Jacob Broom is most frequently remembered as one of the signers of the US Constitution. However, this event encompassed only a few short months of his 58 years. Because of the various roles he played in business, and in national, state and local politics, more information on Jacob has survived the past 200-250 years than might be expected for the average citizen of the 18th century. This story is a modest attempt to get further than the Constitution and look at the person and family of Jacob Broom.
Photos of Hagley House, built by Jacob Broom. Photos courtesy of Hagley Museum & Library, Wilmington, DE. These photos date to approximately 1885, 90 years after Jacob built the house. It was sold to the DuPont family in the beginning of the 1800’s.
Jacob Broom’s parents
Jacob Broom was born in Wilmington in the summer or fall of 1752, probably October 17th according to a marriage record. His parents were James Broom and Esther Willis. James is often referred to as a “gentleman” and as a “blacksmith turned farmer”. Certainly by the time of his death, he possessed considerable property, including significant acreage, some of it under cultivation, but farming or blacksmithing was certainly not his only form of livelihood. On the contrary, during Jacob’s early years, James, like his father before him, placed advertisements in the local papers indicating that he owned and operated a tavern providing “entertainment for man & horse”. He was also involved in buying and selling land, an interest that he passed on to son Jacob.
Esther Willis’ parents and grandparents were members of the Society of Friends, and were some of the earliest settlers of SE Pennsylvania. James and his parents, however, had been members of St. Paul’s in Chester, although James’ mother was originally a Quaker.
Grandfather Thomas Broom moved to Wilmington in the late 1720’s or early 1730’s and it is likely, but not certain, that James moved there with him at that time. James could have remained behind, certainly if he had been serving an apprenticeship with one of his neighbours in the Concord area. Esther was still living in Thornbury at the time of her marriage, raising an interesting point in itself: exactly when did Jacob’s parents marry?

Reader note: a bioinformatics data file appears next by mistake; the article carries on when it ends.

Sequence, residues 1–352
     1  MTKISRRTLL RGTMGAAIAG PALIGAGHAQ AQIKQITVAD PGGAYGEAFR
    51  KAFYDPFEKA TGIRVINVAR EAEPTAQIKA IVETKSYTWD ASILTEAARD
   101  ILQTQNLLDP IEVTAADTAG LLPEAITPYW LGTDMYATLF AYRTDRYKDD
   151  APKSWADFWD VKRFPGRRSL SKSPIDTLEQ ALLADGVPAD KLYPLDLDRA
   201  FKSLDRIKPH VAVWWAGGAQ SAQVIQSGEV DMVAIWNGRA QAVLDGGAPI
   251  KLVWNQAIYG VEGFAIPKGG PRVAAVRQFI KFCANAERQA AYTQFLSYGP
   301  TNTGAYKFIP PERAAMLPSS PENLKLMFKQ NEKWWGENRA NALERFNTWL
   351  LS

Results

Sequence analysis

The most often-quoted story places their marriage in 1750, and names Jacob as the oldest child. However, Esther’s mother wrote her will in 1743, and left a bequest to John Broom, son of Esther and James. This means that their marriage most likely took place in 1740, and John was probably born in 1741 or 1742, possibly in Pennsylvania instead of Delaware. Was John still alive when Jacob was born? Unfortunately, there seem to be no birth or death records for any of James’ and Esther’s children, perhaps a result of their “mixed” marriage.
We then seem to have a 10 year gap before Jacob’s birth, very unusual in those times. Grandfather Thomas Broom does not mention any grandchildren through James in his will in 1749, although he does mention some of his other grandchildren. In 1759, Jacob Taylor mentions “friends Esther, Jacob, Isaac, and Abraham Broom” in his will and makes James his executor. While this Esther could be either mother Esther or a daughter of the same name, the will suggests a son Isaac, born in between Jacob and Abraham. There was no mention of a John, suggesting that he had died prior to 1759. By the time James died in 1794, it would appear that only Jacob and Abraham were still alive. Alternatively, there could have been a split in the family, perhaps along religious lines. An Isaac Broom, not a particularly common name at that time, is mentioned in the 1790 Bucks County census. However, no connection with James Broom has been proven (or disproved) as yet.
Early life in Wilmington
Back to Jacob. We will perhaps never know for sure if there were several or only two children in the Broom family in the 1750’s. However, by the time Jacob was born, the family was definitely living in Wilmington. James had placed several ads offering his deceased father and mother’s property for sale in 1750 and 1751. It is not clear if he resided on Market St. himself at that time. By the late 1750’s, however, the family was most definitely living in that area and running a tavern, described in an advertisement by James (in the 3rd person) as a new “three Story House, below the lower Market house, at the Sign of the Sloop, where he continues to keep Entertainment for Man and Horse, as usual, and requests his Friends, and others, to favour him with their Custom”.
In 1757, when Jacob was 5, Abraham 2 and perhaps other children still alive, James also advertises that a servant girl, a recent arrival from Ireland, had run away. Her description creates a vivid picture: “a short thick chunky Girl, and had on when she went away, a striped Calicoe Gown, with Shells between the Stripes; also a striped Linen Gown, and a Linsey Petticoat, striped yellow and black, and a brown Linsey Ditto, white Yarn Stockings, and old Shoes, without Buckles.“